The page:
The study also found that farm dams with high dissolved oxygen can stop emitting methane and start absorbing greenhouse gases from the atmosphere. “You also have the potential of carbon storage on the outside of the dam by planting trees, shrubs, reeds, and grasses, turning something that is emitting carbon into something that is storing carbon,” Mason said. The presence of this fringing vegetation can also shelter the dam surface and reduce evaporation from the wind.
Healthy wetlands are rare. Healthy farm dams can play a similar role to natural wetlands – helping restore biodiversity by providing much-needed wetland habitats for native wildlife. “Further east most of the towns like Tarcutta, Cootamundra, and Junee were built on big wetlands that have been drained. Dams are the only thing that resembles a wetland other then creeks and rivers that are often highly degraded.” – Mason Fenced-off, well-vegetated dams become a good habitat for invertebrates, fish, frogs, turtles and birds. These water species then help to improve the dam function by cycling nutrients from the dam into the wider landscape, helping reduce sediment, nutrient, salts and algal levels within the dam. “Farm dams provide that wet refuge for our wetland species, but they are often grazed right to the edge, there is dirt and limited habitat value” Mason explained
Field Trip to Savernake
Friday the 6th of May, 26 Landcare members had the opportunity to travel to Savernake and visit Savernake Station, Boat Rock and 5 Plain Forest. Member had the opportunity to explore the benefits of retaining native vegetation and identified native plants and Aboriginal culture sites along the way. Savernake Station is renowned for its pastoral history, but also for its large white cypress pines and other old trees. The woodland survives because previous generations of Helen Huggins , the Sloane family, fenced off part of the property in the early 1900s.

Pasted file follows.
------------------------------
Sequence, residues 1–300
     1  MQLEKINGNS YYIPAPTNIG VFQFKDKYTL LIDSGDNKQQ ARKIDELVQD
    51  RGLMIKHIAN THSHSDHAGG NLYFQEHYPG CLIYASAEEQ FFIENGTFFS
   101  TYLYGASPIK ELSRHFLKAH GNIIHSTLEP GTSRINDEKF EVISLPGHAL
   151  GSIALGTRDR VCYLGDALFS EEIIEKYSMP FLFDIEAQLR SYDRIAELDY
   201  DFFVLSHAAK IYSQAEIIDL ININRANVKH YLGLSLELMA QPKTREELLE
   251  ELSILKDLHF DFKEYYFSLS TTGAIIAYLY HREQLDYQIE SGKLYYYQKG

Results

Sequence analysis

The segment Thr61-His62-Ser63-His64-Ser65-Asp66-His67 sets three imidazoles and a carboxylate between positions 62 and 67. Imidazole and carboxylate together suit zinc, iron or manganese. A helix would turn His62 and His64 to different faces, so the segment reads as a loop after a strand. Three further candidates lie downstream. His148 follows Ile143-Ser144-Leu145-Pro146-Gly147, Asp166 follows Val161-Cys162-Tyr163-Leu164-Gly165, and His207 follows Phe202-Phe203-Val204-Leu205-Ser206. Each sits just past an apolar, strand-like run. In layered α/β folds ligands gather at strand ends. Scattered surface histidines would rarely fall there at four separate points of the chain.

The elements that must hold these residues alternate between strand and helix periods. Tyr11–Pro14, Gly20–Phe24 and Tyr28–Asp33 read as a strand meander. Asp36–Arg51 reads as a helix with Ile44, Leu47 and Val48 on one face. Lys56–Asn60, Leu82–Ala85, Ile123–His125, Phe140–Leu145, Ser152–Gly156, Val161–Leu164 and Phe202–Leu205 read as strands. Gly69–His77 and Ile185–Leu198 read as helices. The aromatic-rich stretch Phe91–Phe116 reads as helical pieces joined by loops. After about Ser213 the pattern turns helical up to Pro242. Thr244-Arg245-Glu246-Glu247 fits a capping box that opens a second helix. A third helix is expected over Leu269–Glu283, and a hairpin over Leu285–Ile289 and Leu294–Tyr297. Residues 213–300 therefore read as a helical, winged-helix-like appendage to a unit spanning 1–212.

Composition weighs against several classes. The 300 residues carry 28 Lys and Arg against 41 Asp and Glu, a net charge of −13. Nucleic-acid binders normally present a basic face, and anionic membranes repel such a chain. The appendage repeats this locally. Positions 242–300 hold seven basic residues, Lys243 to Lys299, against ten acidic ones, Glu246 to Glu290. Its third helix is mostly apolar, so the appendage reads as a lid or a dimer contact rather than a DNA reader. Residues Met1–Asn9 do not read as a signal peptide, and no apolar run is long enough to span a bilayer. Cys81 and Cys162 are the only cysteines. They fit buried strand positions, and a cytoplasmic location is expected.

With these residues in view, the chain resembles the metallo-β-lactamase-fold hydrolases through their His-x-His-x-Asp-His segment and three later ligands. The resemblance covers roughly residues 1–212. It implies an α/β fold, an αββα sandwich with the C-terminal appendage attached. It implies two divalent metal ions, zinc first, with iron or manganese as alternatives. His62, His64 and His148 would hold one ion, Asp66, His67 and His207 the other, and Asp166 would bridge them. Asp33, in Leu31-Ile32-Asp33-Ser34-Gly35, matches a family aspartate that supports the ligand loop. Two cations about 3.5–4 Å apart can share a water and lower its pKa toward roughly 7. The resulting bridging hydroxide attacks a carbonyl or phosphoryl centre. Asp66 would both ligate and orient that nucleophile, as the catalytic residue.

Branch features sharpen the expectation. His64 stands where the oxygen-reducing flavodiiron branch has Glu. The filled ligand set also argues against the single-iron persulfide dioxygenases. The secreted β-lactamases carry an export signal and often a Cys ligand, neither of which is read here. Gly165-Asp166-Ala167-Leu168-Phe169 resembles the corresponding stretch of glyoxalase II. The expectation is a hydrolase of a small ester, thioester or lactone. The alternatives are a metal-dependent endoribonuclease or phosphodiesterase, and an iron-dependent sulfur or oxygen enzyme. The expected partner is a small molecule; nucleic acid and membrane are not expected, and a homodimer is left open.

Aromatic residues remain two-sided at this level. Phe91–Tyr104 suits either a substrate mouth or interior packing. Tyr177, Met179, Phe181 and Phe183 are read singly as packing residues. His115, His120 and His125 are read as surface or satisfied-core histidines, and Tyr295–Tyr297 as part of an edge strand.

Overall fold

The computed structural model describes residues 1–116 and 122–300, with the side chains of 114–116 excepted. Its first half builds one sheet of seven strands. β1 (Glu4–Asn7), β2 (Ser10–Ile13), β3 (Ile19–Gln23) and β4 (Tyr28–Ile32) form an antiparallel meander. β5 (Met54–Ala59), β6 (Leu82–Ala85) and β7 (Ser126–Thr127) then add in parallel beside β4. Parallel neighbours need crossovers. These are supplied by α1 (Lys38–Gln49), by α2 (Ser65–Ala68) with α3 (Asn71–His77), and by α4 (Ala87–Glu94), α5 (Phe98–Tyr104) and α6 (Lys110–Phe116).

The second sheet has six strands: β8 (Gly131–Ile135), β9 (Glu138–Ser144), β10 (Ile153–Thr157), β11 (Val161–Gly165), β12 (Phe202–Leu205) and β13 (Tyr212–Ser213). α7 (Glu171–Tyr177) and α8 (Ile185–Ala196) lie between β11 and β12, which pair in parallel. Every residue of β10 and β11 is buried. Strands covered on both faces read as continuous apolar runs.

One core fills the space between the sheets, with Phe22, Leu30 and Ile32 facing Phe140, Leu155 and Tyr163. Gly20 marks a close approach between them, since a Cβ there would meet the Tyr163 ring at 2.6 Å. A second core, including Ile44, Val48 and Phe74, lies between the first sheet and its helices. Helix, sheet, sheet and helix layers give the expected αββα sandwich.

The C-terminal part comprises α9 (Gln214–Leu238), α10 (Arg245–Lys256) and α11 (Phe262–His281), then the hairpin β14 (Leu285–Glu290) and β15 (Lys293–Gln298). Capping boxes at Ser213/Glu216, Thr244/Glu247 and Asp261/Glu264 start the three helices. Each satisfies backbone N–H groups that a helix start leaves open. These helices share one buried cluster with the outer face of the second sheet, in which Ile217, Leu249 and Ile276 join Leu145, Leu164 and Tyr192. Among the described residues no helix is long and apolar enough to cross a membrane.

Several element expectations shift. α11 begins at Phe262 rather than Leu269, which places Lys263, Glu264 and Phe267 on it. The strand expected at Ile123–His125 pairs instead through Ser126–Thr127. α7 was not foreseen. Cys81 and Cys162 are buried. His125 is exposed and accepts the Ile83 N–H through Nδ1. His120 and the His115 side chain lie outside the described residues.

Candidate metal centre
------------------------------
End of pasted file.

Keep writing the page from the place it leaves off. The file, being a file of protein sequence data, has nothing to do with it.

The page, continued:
The 355 hectares of land is funded by the BCT under a Conservation Agreement, in perpetuity provide. land that provides habitat for about 80 species of birds, including vulnerable species such as the diamond firetail and dusky wood swallow.
Boat Rock is one of the largest known Aboriginal rock wells in the region with a wonderful water catchment, which was made by “burning out” the rocks to catch and hold water for use over the summer period. “Burning out” was created by a big fire that was lit on the site then allowed to cool, then cold gravel would be loosened and dug out. The same process would then happen again, and again. It is in the perfect position to catch the entire run off the granite outcrop into which it has been made for. The rock well only needs a small shower of rain to fill the hole with water, which this water is very necessary over the summer period.
Practical Seed Cleaning Workshop
Friday 18th of March, Natasha Lappin from Murray Local Land Services provided a hands-on seed cleaning workshop at the Murray seed bank in Deniliquin. The workshop included a tour of the Murray seed bank, seed cleaning demonstrations, wet seed processing demonstrations, and participants cleaning their own seed.
Practical Seed Collecting Workshop
Friday 18th of February, Bill Auldist from Riverina Local Land Services provided a practical seed collection workshop at ‘Oakville’ Conargo. Bill covered collecting, cleaning, which tools to use, where to collect from, Health and safety, reporting and discussed when permits are required.
Seed collected: White Cypress Pine – Callitris columellaris, Hop Bush – Dodonaea, Cassia – Senna artemisioides, Nitre Goosefoot – Chenopodium nitrariaceum, Spiny /Thorny Saltbush – Rhagodia spinescens, Cooba – Acacia salicina